Simulations and prototyping have been a very important part of the electronics industry since a very long time now. Before heading in for the actual fabrication of a dedicated hardware, everyone would want to be sure that what they are making will work the way they want it to. Over all these years while electronics companies offered dedicated hardware in their products, it was not possible for the end user to reconfigure them to his own needs. This need led to the growth of a new market segment of customer configurable Field Programmable integrated circuits called Field Programmable Gate Arrays or FPGAs.
The FPGA share a common history with most Programmable Logic Devices. The first of this kind of devices was the Programmable Read Only Memory. Further driven by need of specifically implementing logic circuits, Philips invented the Field-Programmable Logic Array (FPLA) in the 1970s. This consisted of two planes, a programmable wired AND-plane and the other as wired OR. It could implement functions in the Sum of Products form.
To overcome difficulties of cost and speed, Programmable Array Logics were developed which had only one programmable ‘AND’ plane fed into fixed OR gates. PALs and PLAs along with other variants are grouped as Simple Programmable Logic Devices (SPLDs). In order to cater to growing technological demands, SPLDs were integrated onto a single chip and interconnects were provided to programmably connect the SPLD blocks. These were called Complex PLDs and were first pioneered by Altera, the first in the family being Classic EPLDs and then, MAX series.
Then another class of Electronic devices, Mask-Programmable Gate Arrays consisting of transistor arrays which could be connected using custom wires motivated the design of the FPGAs. Transistors gave way to Logic Blocks and the customization could now be performed by the user on the field and not in the manufacturing lab. The credit to develop the first commercially viable FPGA goes to Xilinx co-founders Ross Freeman and Bernard Vonderschmitt. The XC2064 was invented in 1985 consisting of 64 Configurable Logic Blocks with 3 Look Up Tables. It was in late 1980s when Steve Casselman’s proposed experiment to implement a computer with 6,00,000 reprogrammable gates found sponsors in US Naval Surface Warfare department and later a patent in 1992.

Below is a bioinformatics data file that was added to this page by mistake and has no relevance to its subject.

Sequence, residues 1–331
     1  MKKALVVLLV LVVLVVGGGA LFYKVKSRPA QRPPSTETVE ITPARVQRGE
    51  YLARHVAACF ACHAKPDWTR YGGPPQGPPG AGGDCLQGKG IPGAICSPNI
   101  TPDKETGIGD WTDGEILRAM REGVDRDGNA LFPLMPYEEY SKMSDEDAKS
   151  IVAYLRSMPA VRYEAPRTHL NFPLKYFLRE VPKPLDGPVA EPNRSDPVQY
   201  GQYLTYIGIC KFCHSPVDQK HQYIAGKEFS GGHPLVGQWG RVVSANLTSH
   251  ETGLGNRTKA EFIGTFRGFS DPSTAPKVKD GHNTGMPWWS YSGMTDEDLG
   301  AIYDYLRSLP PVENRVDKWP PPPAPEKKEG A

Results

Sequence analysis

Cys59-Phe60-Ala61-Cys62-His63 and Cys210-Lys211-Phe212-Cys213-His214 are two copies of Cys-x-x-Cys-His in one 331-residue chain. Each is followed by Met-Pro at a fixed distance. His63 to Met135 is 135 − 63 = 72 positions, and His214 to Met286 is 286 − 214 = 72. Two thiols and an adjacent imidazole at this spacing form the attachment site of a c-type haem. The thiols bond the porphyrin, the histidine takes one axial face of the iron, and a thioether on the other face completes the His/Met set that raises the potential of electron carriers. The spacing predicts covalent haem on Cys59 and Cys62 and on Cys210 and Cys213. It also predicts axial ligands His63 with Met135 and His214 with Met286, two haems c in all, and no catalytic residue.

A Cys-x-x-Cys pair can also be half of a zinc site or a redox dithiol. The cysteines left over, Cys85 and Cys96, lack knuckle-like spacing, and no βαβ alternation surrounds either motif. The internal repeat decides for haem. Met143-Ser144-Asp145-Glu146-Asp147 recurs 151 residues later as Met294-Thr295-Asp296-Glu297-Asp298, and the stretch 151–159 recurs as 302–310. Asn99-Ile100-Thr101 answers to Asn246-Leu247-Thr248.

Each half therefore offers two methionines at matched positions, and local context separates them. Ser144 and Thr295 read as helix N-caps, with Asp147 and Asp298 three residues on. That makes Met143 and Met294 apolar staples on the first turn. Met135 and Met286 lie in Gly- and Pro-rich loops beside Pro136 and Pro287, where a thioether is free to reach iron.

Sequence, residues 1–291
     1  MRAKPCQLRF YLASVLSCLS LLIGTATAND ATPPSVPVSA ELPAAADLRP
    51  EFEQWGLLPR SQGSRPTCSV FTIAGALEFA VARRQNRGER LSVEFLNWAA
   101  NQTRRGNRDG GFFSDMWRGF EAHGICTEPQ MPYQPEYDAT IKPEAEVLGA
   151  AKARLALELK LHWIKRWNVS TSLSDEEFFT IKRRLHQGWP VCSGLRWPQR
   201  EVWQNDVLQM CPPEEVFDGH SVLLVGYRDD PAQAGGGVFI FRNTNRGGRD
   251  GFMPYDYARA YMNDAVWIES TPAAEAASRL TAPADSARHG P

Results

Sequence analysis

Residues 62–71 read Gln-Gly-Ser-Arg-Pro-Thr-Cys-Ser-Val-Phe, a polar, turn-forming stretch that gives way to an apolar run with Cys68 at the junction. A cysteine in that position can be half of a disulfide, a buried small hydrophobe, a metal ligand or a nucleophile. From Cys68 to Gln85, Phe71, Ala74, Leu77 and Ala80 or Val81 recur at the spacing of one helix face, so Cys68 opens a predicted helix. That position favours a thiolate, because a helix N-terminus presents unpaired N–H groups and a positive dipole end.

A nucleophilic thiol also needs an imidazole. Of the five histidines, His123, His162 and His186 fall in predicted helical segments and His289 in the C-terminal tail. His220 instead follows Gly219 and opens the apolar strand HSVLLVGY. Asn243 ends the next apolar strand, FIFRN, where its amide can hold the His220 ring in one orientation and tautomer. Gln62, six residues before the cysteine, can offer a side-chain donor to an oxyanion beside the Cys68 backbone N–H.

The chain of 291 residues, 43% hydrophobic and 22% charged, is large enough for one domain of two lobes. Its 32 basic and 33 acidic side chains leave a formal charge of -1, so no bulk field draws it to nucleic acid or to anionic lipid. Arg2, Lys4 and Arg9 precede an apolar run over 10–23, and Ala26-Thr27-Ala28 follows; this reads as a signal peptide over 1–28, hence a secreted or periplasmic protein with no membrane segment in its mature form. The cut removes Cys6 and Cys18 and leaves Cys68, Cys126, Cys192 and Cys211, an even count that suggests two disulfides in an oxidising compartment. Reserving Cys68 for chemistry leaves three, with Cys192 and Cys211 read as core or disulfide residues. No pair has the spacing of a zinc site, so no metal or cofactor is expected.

By the end of 1990, a lot of competition sprung up in manufacturing FPGAs when Xilinx’s market share started to decline. Players like Actel, Altera, Lattice, QuickLogic, Cypress, Lucent and SiliconBlue started entering this field and carving their niche in the world FPGA Market along with Xilinx, as FPGA started gaining acceptance in applications like Digital Signal Processing and Telecommunications. In 1997, Adrian Thompson succeeded in merging a genetic algorithm technology with FPGA and started a new age of Evolvable hardware.
FPGA’s can be considered to be building bricks which allow desired customization of the hardware. These are a special form of PLDs with higher densities and with increased capability of implementing functionality in a shorter time span using CAD. The FPGA’s are available in various flavours based on the programming technology used. These may be programmed using:
1. Antifuse Technology, which can be programmed only once. Devices manufactured by QuickLogic are examples of this type. Configuration is done by burning a set of fuses. These act as replacements for Application Specific ICs (ASIC) and used in places where protection of intellectual property is top priority.
2. Flash Technology based Programming, like devices from Actel. The FPGA may be reprogrammed several thousand times, taking a few minutes in the field itself for reprogramming and has non-volatile memory.
3. SRAM Technology based FPGAs, the currently dominating technology offering unlimited reprogramming and very fast reconfiguration and even partial reconfiguration during operation itself with little additional circuitry. Most companies like Altera, Actel, Atmel and Xilinx manufacture such devices.